43. “If you are going to take Lyft, you might as well drive. “

    It depends.

    What if you’re using Lyft for the ‘last mile’ between your home and a train station, and between another train station and your destination? What if you’re sharing that Lyft with others?

    In some cities, especially in downtown/business areas, a lot of traffic is due to people looking for parking. People taking Lyft aren’t contributing to that.

    The Lyft Shuttle appears to be kinda like a bus: fixed routes, fixed fare, fixed stops, multiple passengers. Not like a bus in its response to demand, and skipping stops unless a requested by another passenger, and thus doesn’t run when nobody wants to ride. My guess is that if it gets established, at least some of its passengers are people who would otherwise be driving themselves.

  44. In some cities, especially in downtown/business areas, a lot of traffic is due to people looking for parking.

    Yeah, the studies on this are fascinating. They say in some areas, 40% of the traffic is people trying to park. They say if cities increased the price of meters to match the prices of the parking lots, people would just go into the most convenient lots and traffic would improve significantly.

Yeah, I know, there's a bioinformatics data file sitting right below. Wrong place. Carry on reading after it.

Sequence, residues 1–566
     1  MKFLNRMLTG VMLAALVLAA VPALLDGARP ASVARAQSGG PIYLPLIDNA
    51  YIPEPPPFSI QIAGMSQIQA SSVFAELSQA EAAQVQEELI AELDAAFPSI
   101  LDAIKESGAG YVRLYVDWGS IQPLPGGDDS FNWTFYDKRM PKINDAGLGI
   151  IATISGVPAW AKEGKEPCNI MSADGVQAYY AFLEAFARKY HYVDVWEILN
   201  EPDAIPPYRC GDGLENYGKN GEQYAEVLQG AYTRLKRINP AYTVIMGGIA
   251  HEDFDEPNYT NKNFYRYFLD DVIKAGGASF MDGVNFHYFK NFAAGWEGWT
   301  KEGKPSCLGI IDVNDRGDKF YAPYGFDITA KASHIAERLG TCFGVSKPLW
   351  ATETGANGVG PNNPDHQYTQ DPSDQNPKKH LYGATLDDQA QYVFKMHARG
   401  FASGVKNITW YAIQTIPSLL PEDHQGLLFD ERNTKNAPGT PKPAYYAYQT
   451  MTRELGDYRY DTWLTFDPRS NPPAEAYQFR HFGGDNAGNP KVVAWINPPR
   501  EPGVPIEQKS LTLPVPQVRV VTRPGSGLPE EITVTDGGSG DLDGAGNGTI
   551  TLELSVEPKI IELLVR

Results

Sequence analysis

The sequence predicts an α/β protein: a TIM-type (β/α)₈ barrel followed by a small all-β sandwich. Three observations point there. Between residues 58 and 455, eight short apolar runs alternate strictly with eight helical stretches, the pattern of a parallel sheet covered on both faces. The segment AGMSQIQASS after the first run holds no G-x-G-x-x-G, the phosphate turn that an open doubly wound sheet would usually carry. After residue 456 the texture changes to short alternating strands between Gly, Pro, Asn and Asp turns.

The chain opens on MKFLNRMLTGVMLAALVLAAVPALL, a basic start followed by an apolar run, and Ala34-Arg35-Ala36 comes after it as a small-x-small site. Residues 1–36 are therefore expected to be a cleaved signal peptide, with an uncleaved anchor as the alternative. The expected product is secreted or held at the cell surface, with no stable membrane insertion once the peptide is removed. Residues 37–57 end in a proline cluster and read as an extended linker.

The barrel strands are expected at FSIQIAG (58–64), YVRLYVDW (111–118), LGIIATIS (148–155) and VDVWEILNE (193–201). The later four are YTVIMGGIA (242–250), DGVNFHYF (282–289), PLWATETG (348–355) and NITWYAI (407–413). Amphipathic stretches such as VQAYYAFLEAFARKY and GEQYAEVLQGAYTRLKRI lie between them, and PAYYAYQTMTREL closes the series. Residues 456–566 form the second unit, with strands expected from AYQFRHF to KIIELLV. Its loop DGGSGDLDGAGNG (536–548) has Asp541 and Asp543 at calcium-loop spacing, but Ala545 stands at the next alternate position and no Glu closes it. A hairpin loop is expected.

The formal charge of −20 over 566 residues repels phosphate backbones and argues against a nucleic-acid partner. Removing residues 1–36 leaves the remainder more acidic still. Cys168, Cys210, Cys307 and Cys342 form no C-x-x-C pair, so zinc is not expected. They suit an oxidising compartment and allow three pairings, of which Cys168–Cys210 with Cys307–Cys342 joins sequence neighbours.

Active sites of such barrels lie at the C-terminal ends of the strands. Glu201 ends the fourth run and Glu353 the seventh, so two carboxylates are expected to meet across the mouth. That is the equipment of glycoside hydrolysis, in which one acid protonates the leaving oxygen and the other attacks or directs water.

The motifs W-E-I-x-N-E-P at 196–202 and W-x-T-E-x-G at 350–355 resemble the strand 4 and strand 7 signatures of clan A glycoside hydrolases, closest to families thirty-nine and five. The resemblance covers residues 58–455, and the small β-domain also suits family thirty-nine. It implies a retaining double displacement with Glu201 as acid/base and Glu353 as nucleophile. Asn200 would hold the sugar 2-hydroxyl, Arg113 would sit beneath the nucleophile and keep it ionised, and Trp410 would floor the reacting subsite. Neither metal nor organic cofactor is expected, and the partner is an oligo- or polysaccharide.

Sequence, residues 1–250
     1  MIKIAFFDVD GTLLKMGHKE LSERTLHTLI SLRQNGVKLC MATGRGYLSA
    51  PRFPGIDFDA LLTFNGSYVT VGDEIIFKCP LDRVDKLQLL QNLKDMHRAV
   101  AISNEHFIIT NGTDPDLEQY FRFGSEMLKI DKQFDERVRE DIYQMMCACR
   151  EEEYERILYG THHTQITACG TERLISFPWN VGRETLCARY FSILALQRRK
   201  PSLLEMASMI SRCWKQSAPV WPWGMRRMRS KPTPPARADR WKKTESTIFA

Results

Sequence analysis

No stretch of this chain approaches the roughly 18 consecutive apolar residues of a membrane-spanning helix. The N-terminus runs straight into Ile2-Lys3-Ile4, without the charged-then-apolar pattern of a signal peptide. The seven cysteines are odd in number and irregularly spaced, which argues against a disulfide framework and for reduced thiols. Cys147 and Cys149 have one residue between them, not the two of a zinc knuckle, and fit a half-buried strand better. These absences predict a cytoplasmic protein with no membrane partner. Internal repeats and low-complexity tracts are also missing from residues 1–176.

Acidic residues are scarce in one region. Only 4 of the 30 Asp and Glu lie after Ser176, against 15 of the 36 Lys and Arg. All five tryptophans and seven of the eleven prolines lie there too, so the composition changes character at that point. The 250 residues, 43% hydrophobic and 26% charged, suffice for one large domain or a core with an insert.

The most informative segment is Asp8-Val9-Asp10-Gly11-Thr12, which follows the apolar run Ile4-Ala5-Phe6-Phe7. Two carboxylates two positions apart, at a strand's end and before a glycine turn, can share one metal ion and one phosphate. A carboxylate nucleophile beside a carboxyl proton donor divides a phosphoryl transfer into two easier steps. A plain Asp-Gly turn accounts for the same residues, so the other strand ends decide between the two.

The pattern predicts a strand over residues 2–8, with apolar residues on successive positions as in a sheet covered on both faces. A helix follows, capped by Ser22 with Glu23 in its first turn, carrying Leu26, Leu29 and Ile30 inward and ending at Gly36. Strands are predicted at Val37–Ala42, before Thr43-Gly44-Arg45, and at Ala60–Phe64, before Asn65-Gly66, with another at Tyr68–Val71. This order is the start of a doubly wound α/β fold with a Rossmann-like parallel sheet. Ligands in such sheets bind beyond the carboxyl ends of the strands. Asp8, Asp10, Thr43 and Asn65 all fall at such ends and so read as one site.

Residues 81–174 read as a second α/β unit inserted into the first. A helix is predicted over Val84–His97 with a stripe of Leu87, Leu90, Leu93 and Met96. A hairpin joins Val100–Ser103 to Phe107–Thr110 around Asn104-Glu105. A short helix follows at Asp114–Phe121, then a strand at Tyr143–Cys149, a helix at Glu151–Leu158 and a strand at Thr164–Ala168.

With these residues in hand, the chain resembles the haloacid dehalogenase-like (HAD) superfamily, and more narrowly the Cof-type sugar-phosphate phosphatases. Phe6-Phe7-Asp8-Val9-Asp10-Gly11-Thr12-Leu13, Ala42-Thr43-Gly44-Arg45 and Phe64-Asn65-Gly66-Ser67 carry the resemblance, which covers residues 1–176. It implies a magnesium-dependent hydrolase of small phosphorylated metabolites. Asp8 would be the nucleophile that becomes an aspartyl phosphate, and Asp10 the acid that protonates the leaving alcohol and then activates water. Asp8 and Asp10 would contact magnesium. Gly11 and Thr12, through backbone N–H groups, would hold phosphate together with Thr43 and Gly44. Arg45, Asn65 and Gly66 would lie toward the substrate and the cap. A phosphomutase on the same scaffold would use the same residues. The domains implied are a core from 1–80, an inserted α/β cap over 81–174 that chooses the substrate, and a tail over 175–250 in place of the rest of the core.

45. The Lyft Shuttle appears to be kinda like a bus: fixed routes, fixed fare, fixed stops, multiple passengers

    That sounds like a jitney.

  46. We have a free trolley bus service that takes people east/west so that people can park further out and instead of walking that last mile they hop on the trolley bus. It had a North/south route as well but it was felt that people going north/south should use the light rail instead. After they cut the north/south trolley they increased the number of rental bike stands.

    For Fun – there’s this.

  47. OK, I guess I could see the Lyft service for getting to train stations. That isn’t the issue with commuting Westchester-Queens though. The issue for commuting between outer broughs and inner suburbs (including the Rockland-Westchester commute) is that there is no train or bus that does the route. In my particular case, I have access to parking at work, so I don’t have that issue. Same for all the Rocklanders who come across the bridge to jobs in Westchester. We just need buses or light rail

  48. Jitneys are really common in Westchester. A lot of the employers and office buildings run jitneys from the train stations to their site. My husband’s company does it, in fact.

  49. And then there are the employer -run buses in Silicon Valley. They cause a ton of resentment and really highlight how the Bay Area has failed in managing its own transportation needs.